without turning his neck. At the start of the feeding,
compress the nipple and areola between your thumb and index
finger so that your baby can latch on easily. Throughout
the feeding, hold your breast from below so the nipple and
areola aren't pulled out of your baby's mouth by the weight
of the breast. Slightly rotate your baby's body so that his
mouth applies pressure to slightly different parts of the
areola and nipple at each feeding.
Start your feedings on the side that is not sore. If one
nipple is extremely sore, temporarily limit feedings to 10
minutes on that side.
Vitamins/Fluoride for the Baby
Breast milk contains all the necessary vitamins and minerals
except vitamin D and fluoride. Full-term dark-skinned
babies and all premature babies need 400 units of vitamin D
each day. White babies who have little or no sun exposure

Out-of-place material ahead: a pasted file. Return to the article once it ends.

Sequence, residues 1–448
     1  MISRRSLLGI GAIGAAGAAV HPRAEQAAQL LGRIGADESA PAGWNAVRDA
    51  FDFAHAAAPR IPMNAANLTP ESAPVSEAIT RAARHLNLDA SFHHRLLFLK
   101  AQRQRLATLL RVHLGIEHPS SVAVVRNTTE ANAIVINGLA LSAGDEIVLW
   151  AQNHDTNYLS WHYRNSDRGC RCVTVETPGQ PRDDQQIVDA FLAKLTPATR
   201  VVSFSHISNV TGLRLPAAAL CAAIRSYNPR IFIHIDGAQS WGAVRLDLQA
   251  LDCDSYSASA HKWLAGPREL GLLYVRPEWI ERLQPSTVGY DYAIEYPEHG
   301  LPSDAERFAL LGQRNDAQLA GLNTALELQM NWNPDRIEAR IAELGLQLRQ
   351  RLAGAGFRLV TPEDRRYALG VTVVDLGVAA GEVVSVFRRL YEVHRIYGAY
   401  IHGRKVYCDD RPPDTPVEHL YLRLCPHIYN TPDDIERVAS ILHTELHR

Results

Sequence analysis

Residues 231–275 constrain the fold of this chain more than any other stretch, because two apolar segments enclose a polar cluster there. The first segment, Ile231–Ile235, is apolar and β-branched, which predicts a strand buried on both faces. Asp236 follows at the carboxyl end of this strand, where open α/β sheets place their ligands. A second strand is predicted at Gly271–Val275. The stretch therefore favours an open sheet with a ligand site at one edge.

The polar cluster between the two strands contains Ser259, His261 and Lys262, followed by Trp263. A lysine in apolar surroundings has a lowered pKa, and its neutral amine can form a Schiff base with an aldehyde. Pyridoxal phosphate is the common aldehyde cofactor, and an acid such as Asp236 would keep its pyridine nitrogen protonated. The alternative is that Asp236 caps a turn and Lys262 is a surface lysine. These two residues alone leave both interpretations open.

(less than 15 minutes of sun exposure twice a week) also
need vitamin D supplements. From 6 months to 16 years of
age, children need fluoride to prevent tooth decay. For
children up to 3 years old who are breast-feeding and not
drinking any water, 0.25 mg of fluoride drops should be
given each day. This is a prescription item that you can
obtain from your child's physician.
Vitamins for the Mother
A nursing mother can take a multivitamin tablet daily if she
is not following a well-balanced diet. She especially needs
400 units of vitamin D and 1200 mg of both calcium and
phosphorus per day. A quart of milk (or its equivalent in
cheese or yogurt) can also meet this requirement.
The Mother's Medications
Almost any drug a breast-feeding mother consumes will be
transferred in small amounts to her breast milk. Therefore,
try to avoid any drug that is not essential, just as you did
Some commonly used drugs that are safe for you to take while
nursing are acetaminophen, ibuprofen, penicillins,
erythromycin, cephalosporins, stool softeners,
antihistamines, decongestants, cough drops, nosedrops,
eyedrops, and skin creams. Aspirin and sulfa drugs can be